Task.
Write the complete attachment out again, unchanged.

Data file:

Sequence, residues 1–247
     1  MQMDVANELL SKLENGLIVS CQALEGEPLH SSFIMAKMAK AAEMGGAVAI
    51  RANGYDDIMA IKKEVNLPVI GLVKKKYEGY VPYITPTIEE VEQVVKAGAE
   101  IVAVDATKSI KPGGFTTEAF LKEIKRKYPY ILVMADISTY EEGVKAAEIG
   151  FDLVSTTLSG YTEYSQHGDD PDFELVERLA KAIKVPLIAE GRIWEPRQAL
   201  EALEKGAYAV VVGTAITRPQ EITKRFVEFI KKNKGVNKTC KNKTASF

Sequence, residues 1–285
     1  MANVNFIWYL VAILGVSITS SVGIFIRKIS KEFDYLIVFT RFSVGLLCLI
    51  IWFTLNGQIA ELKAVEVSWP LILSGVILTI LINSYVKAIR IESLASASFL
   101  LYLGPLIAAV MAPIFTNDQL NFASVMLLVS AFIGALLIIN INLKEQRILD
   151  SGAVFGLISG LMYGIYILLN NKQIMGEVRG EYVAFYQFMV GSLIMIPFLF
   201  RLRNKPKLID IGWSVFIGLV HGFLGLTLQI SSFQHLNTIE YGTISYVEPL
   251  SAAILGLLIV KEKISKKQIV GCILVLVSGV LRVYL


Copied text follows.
Sequence, residues 1–247
     1  MQMDVANELL SKLENGLIVS CQALEGEPLH SSFIMAKMAK AAEMGGAVAI
    51  RANGYDDIMA IKKEVNLPVI GLVKKKYEGY VPYITPTIEE VEQVVKAGAE
   101  IVAVDATKSI KPGGFTTEAF LKEIKRKYPY ILVMADISTY EEGVKAAEIG
   151  FDLVSTTLSG YTEYSQHGDD PDFELVERLA KAIKVPLIAE GRIWEPRQAL
   201  EALEKGAYAV VVGTAITRPQ EITKRFVEFI KKNKGVNKTC KNKTASF

Sequence, residues 1–285
     1  MANVNFIWYL VAILGVSITS SVGIFIRKIS KEFDYLIVFT RFSVGLLCLI
    51  IWFTLNGQIA ELKAVEVSWP LILSGVILTI LINSYVKAIR IESLASASFL
   101  LYLGPLIAAV MAPIFTNDQL NFASVMLLVS AFIGALLIIN INLKEQRILD
   151  SGAVFGLISG LMYGIYILLN NKQIMGEVRG EYVAFYQFMV GSLIMIPFLF
   201  RLRNKPKLID IGWSVFIGLV HGFLGLTLQI SSFQHLNTIE YGTISYVEPL
   251  SAAILGLLIV KEKISKKQIV GCILVLVSGV LRVYL